When I was a kid, my mom pretty much ran the household.
My dad worked a ton—so my two older brothers and I leaned on Mom for a lot. She did all the traditional mom stuff: helped us with homework, drove us to school, prepared three daily meals. And she did stuff moms don’t get a lot of credit for: she fixed busted appliances, re-floored the house, built me a bamboo canopy, and sewed me way too many fuzzy costumes: Pikachu, an ewok, Star Fox. (I can’t tell you how many needles were broken in sacrifice to my cosplay addiction.)
Mom’s always been the family matriarch. After her family fell on hard times in the Philippines, she left everything behind and immigrated to the United States solo. She was only 19. She won a few scholarships to put herself through nursing school and earned extra income wrapping gifts at Mervyn’s. (To this day, she still gives me crap about my horrible wrapping folds.) She sent every spare penny she could back home to her family and then—slowly, but surely—brought her parents, brother, and three sisters to the States. (They all lived with us, too.)
Genetics—they get you every time. That’s Mom on the left when she was about my age, and that’s me on the right.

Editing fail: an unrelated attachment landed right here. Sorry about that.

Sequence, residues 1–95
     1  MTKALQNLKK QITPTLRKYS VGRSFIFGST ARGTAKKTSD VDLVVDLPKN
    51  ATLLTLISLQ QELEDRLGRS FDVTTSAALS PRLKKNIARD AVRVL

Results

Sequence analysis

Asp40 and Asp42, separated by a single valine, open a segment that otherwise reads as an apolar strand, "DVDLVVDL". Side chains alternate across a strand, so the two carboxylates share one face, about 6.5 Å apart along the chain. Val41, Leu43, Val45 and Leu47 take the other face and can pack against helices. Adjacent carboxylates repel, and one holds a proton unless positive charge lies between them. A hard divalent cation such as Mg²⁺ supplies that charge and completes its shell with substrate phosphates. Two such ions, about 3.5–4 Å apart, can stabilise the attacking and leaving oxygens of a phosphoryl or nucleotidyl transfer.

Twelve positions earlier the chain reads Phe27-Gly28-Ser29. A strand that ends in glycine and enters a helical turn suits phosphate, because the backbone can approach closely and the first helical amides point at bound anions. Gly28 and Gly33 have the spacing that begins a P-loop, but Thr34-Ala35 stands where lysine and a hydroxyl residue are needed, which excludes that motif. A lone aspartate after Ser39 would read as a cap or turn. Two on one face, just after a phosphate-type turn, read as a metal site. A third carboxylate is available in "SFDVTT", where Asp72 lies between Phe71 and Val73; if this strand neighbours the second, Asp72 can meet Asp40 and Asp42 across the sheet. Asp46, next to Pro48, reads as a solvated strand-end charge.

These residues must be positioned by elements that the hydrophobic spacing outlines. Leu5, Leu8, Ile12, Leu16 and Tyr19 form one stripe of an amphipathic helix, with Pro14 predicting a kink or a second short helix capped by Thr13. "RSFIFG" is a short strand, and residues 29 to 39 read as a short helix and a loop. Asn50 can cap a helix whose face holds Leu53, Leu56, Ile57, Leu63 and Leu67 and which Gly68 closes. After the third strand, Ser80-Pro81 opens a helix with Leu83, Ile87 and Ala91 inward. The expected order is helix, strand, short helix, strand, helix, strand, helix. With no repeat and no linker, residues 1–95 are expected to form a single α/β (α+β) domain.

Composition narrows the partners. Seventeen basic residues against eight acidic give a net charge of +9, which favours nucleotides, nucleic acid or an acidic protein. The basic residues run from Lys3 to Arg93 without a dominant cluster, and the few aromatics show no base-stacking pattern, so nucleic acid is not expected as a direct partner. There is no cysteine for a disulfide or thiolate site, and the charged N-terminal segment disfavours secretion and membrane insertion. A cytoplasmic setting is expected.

With 10 mouths to feed, Mom became an expert in resourcefulness. Leftovers were made into next-day omelets. Old bottles became vases. When something broke around the house, she fixed it. She even fixed our neighbor’s stuff, too.
When I was 6, she taught me and the kid next door how to sew patches onto our hole-y sweaters. At age 8, we tackled drywall repair. When I was 14 (both brothers off at college and Dad traveling 6 days a week for work), we watched way too much HGTV and attempted a whole bunch of DIY repairs and renovation projects. We botched a lot of those projects. (We didn’t want that washing machine anyways…) But I still think it’s more important that we made the attempt—and we did it together.
Me and Ma are serious about Facetime.
Repair is a way of life. It’s empowering to learn how to fix things yourself. Now that I’ve got my own house—a run-down fixer-upper that I absolutely love—I’m putting all those lessons from Mom to good use. And when I get stuck on my latest projects, it’s okay. I know Mom will be down on the weekends—and she’ll tell Dad and I how to best re-carpet the living room if we need help.
And isn’t that what moms are for?